The One Thing William & Kate's Kids Never Do at School, Insiders Say
It was "a conscious decision made to avoid awkward conversations in the classroom," a source says.
Prince William and Catherine, Duchess of Cambridge's oldest children, Prince George and Princess Charlotte, recently returned to Thomas's Battersea Prep School in London after months of remote learning during COVID-related lockdowns. Meanwhile, the couple's youngest child, three-year-old Prince Louis, started at Willcocks Nursery School, a short distance from Kensington Palace, earlier this year. Finally, the Cambridge kids are able to resume a normal routine back at school with their friends and teachers, though "normal" may seem hard to come by when you're a royal.
Of course, George, Charlotte, and Louis who were born into incredible wealth and privilege, but giving them a semblance of normalcy has been a priority for the Cambridges, who are regulars at pick-up and drop-off and attend school functions. According to People.com, Kate even went to a local pub in London for a meet-and-greet for parents of new students in 2019, when Charlotte began going to Thomas's Battersea. One source told the outlet that Kate was a "hands-on" parent, adding, "She desperately wants normality for her own kids." That's why there's one surprising thing William and Kate decided to do to make their royal brood feel like regular kids at school. Read on to find out what it is.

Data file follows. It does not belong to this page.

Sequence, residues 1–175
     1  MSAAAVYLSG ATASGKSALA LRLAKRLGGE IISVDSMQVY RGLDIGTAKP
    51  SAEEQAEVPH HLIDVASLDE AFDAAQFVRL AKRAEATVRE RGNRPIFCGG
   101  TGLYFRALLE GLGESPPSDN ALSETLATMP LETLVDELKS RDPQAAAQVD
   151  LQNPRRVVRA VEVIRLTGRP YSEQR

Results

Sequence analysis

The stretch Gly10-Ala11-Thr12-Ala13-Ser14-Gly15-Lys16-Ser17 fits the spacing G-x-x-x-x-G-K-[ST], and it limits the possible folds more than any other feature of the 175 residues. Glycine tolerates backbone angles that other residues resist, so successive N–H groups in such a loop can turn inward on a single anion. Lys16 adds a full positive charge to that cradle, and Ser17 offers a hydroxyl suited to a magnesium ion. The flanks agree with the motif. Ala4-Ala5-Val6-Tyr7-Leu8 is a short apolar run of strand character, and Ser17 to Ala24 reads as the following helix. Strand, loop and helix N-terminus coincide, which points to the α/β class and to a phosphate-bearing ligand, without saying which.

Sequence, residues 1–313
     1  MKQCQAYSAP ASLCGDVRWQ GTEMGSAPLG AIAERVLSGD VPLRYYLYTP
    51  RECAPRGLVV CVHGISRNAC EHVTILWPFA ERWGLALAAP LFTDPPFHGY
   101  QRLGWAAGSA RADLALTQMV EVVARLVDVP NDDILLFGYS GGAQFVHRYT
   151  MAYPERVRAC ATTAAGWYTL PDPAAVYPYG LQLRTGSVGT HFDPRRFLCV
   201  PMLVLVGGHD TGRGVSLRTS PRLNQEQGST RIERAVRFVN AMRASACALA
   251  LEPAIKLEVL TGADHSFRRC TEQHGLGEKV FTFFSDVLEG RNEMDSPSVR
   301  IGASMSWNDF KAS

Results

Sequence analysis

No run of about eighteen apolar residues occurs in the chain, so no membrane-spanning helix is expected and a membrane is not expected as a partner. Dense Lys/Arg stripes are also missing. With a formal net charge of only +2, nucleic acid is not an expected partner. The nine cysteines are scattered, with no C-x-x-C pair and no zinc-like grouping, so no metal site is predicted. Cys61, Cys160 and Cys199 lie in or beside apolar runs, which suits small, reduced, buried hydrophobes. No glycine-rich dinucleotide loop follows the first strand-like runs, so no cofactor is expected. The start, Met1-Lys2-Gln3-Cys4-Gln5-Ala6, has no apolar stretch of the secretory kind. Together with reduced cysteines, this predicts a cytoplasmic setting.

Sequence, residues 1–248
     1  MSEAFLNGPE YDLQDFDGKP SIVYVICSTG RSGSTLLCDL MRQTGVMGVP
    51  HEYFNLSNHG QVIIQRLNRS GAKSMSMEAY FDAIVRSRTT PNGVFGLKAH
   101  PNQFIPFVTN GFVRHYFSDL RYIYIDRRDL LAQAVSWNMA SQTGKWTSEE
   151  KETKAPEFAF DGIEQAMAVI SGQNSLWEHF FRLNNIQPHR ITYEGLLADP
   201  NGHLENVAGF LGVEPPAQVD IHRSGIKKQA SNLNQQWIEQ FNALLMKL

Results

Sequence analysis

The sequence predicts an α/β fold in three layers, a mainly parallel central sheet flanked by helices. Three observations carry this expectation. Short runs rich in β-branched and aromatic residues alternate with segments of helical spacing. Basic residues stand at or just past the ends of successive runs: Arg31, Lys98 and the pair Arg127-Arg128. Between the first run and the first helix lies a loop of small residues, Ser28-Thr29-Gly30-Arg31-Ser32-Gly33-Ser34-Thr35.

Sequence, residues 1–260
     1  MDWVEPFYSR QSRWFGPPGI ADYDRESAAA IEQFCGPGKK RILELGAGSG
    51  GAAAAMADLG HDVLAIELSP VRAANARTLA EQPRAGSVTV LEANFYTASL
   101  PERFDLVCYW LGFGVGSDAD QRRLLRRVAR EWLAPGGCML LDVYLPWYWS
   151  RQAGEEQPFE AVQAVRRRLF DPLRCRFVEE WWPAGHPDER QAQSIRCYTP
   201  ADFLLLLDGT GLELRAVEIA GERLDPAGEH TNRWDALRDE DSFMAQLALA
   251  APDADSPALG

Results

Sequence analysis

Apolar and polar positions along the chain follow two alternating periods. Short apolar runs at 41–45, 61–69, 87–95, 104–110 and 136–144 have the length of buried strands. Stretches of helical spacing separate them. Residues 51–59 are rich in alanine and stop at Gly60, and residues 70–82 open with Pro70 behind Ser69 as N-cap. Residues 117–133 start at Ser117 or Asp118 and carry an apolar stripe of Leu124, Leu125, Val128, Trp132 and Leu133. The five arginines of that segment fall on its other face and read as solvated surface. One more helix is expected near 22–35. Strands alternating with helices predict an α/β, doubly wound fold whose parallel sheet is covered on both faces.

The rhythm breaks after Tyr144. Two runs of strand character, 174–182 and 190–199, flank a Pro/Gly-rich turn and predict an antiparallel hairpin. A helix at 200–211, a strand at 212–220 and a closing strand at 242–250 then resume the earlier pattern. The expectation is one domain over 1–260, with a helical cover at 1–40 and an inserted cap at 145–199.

Prince George and Princess Charlotte don't use their royal titles or full names at school.
The Cambridge kids are among the most famous children in the world, but William and Kate have opted not to have them use their titles while at school. Their teachers and classmates refer to them as George Cambridge and Charlotte Cambridge, in recognition of their parents' titles, a source tells Best Life.
When they were children, William and Prince Harry similarly used the last name Wales, since their father, Prince Charles, is the Prince of Wales.
"William and Catherine do not want to have their children feel isolated in any way," a royal insider told Best Life. "Mixing in with the other children in the class by using 'Cambridge' as their surname and not drawing attention to their status as royals was a conscious decision made to avoid awkward conversations in the classroom."